Before I move to the two Farrell baseball players that were active in my own lifetime, I would like to provide a bridge to them to mention in passing James T. Farrell, my favorite author and a person I actually had the opportunity to correspondent with briefly in 1977. Farrell (1904-1979), a Chicago native, was the author of the Studs Longian Trilogy as well as over fifty published books. A product of the South Side of Chicago, Farrell gravitated towards rooting for the White Sox at Comiskey Park.
One of my favorite books on baseball is Farrell’s My Baseball Diary. He recounted the happier, pre-scandal Pale Hose “Hitless Wonders” clubs. Jim’s favorite players were Eddie Collins and Big Ed Walsh, fellow Irish-Americans. Farrell told me that he was a friend of Buck Weaver, the third baseman of the 1919 Black Sox squad.
Dick “Turk” Farrell: Houston’s First All-Star
Richard “Turk” Farrell was a massive and tough pitcher from the Irish neighborhood of Brookline Village outside of Boston. I lived in Boston in the very early ‘80s and remember natives there still talking about the home run Dick launched out of a local ballpark as a mere high school student in the ‘50s.
Farrell’s nickname was not because he was of Turkish ancestry; rather it was from his “turkey strut” as a cocky and swaggering six-and-half footer Irishman. He pitched 14 years in the National League with three teams (Philadelphia Phillies, Los Angeles Dodgers, Houston Colt 45s and, finally, back to finish his career with the Philadelphia Phillies. His record was a so-so 106 wins and 121 losses, but he was good enough to collect 10 to 14 wins a year for the dismal Houston club, an expansion team, and to strike out 203 batters in 1962. I clearly remember Farrell closing out his career as a sore-armed relief pitcher for equally deplorable Phillies teams, playing out the string in a ramshackle Connie Mack Stadium. I recall proudly owning several of his Topps baseball cards, circa 1967.
In his essay for SABR, Dick “Turk” Farrell: Houston’s First All Star, Ron Briley mentions how Dick used his $5,000 signing bonus as a rookie to send his mother Mary on a trip back to her native village in Mayo, Ireland. Turk was known for being a “free spirit and a practical joker.” This Farrell openly confessed on the radio that he had thrown Stan Musial an illegal spitball, and Willie Mays once publicly chided him from clucking on the back after Willie had belted two homers off him earlier in the game.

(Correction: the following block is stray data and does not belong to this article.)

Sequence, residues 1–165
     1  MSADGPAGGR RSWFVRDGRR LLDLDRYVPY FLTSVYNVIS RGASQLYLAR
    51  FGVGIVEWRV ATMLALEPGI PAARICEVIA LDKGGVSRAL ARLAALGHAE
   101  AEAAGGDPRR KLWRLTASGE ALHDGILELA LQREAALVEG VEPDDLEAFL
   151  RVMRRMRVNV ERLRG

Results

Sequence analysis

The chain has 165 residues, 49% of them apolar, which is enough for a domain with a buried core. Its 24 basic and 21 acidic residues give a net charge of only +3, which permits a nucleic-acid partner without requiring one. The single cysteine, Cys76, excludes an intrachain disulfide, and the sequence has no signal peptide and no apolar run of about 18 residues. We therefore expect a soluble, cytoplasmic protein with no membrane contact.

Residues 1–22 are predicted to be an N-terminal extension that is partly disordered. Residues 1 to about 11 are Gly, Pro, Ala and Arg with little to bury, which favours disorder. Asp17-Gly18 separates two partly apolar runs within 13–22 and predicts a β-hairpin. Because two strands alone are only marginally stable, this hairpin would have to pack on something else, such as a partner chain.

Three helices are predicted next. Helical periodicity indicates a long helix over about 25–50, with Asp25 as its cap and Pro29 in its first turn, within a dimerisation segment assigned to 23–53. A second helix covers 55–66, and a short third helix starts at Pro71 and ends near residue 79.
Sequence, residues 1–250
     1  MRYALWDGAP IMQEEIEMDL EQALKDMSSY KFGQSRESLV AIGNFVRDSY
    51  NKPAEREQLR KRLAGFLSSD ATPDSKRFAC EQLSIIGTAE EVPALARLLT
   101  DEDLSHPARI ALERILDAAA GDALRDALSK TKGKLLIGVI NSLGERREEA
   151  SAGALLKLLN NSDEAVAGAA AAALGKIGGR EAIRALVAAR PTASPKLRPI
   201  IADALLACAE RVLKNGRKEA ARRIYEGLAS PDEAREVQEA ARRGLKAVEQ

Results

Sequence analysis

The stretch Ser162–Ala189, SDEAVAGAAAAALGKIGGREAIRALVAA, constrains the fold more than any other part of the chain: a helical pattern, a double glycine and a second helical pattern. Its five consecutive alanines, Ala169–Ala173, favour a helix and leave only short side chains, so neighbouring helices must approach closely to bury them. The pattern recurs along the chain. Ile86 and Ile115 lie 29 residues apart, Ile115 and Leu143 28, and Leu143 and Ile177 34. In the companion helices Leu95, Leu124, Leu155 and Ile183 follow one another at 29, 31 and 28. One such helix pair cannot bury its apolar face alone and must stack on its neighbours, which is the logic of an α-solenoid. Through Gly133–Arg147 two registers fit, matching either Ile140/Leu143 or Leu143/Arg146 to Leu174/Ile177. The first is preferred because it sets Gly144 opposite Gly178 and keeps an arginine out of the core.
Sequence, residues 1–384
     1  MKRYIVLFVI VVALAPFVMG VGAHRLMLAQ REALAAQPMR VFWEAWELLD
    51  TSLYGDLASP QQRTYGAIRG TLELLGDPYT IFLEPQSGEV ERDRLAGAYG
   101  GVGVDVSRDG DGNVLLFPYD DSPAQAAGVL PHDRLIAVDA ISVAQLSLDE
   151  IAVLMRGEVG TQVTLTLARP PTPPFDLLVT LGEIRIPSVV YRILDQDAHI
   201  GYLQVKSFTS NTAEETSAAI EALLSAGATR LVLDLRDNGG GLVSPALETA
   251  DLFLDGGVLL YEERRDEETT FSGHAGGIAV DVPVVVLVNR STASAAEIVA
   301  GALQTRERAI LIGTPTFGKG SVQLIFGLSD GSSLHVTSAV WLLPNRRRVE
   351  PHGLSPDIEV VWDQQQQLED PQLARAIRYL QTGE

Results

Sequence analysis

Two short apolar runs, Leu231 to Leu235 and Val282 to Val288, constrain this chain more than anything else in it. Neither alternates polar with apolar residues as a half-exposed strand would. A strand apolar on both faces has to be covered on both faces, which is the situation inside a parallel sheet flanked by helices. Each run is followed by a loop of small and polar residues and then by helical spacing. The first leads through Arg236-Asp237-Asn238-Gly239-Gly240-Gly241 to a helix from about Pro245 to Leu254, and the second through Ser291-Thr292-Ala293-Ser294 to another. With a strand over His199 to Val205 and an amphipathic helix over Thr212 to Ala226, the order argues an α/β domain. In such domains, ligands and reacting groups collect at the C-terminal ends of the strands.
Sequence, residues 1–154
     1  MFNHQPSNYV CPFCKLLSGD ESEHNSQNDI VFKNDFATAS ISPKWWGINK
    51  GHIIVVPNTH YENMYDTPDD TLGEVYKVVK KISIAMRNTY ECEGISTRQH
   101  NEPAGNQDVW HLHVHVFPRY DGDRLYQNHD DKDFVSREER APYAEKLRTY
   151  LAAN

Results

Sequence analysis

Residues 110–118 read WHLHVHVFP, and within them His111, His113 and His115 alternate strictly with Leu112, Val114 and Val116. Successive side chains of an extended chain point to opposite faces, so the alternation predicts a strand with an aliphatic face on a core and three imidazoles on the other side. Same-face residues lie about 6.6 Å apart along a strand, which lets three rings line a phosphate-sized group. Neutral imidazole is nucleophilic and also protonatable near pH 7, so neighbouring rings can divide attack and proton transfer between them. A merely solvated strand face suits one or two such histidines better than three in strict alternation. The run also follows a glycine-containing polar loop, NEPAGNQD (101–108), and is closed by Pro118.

Dick Farrell’s greatest claim to fame was that he was the first player from the Houston National League Club ever selected for the coveted all-star team. Indeed, since there were two all-star games in baseball in 1962, he was in two times. In the first game, Farrell did not appear, and in the second he coughed up a three-run homer to Detroit Tiger slugger Rocky Colavito.
Tragically, Dick Farrell died in a car crash in 1977 while working for an American company in England.
John Farrell: World Champion
Finally, I would like to conclude my paper by discussing John Farrell, who is the only active Farrell in MLB today. Another Farrell from New Jersey, John did not set the world on fire during his eight-year career in the American League, finishing with a less than impressive 36-46 win-loss record. His best season was in 1988 when he picked up 14 wins for the Indians.
John Farrell made a much bigger impact in the dugout as manager of the Boston Red Sox. In 2013, he led the Sox to their first World Championship since 1918 and was selected Sporting News 2013 Manager of the Year.
Since this is my labor of love fusing the Farrell clan with the sport of baseball, I shall finish by briefly mentioning Will Ferrell, the Hollywood actor. This Farrell, alumni of the long-running Saturday Night Live television series, came up with a stunt to raise money for charity — he would briefly appear in exhibition games for 10 different teams in five separate games during the Arizona Grapefruit League. He struck-out two times in two at bats, finishing his all too short career with a .000 batting average. More importantly, Ferrell’s stunt raised over $1 million for cancer charities.
The results of Will’s athletic exploits made for a hysterical documentary called Ferrell Takes the Field. On that note, this Farrell shall leave the field.
This article originally appeared in the Irish American Post. It is reprinted here with permission of the author.
About the Author
Steven G. Farrell is a Professor in the Speech & Theater Department at Greenville Technical College in Greenville, South Carolina. His fiction and nonfiction has been been published in over two dozen publications, including Crime, Scary Monsters, Frontier Tales, Lost Treasure and Candlelight Stories. He has also produced a short film, Mersey Boys: A Letter From Al Moran, which has been screened at ten international film festivals.
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All baseball statistics came from Baseball Reference
Articles from the Society for American Baseball Research: